New research finds young people who are homeless living in limbo
Posted on: 29 May 2017
Five housing and homeless organisations have come together to launch major new research, revealing the serious negative consequences of the housing and homelessness crisis for young people in Ireland. Former President Mary McAleese launched “Living in Limbo – Homeless Young People’s Paths to Housing” in Trinity College Dublin. Only 24% of the young people involved in the study were in housing after a two-year period. 76% were either homeless or living in insecure accommodation.
The research, longitudinal in nature, followed 40 young people over a two-year period in order to examine the factors, experiences and circumstances that impact their homeless and housing situations over time. Ten family members also participated in the study. This innovative approach in re-interviewing young people and their family members means the study marks a critical contribution to our understanding of youth homelessness in Ireland.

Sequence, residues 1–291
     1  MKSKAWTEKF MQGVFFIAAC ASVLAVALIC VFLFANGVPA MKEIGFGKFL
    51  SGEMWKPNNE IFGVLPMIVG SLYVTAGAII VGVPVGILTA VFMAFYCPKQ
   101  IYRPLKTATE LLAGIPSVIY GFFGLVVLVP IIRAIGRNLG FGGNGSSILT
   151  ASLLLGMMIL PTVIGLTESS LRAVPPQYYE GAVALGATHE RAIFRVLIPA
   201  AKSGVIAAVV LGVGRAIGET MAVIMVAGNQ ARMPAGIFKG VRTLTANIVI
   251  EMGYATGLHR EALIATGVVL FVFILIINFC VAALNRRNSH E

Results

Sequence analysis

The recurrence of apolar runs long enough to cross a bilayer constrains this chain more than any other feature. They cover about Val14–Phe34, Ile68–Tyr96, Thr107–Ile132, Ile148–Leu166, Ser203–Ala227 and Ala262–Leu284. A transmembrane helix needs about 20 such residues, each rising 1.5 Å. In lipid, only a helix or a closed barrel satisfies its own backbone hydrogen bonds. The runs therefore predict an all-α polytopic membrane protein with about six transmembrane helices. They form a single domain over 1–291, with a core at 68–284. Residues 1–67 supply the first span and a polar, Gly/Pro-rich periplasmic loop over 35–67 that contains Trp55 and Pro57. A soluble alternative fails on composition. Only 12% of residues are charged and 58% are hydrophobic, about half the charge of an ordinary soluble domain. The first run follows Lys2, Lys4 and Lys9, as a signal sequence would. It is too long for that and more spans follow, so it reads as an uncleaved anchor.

The study was carried out by Dr. Paula Mayock and Sarah Parker of Trinity's School of Social Work and Social Policy carried out the study which highlights the factors that cause homelessness among young people, including family breakdown, leaving State care, early school leaving and lack of access to employment. Focus Ireland, Simon Communities of Ireland, Threshold, Peter McVerry Trust and Society of St. Vincent De Paul collectively funded the research. Importantly, this research examines what happens to young people after they become homeless, focusing on their paths to housing.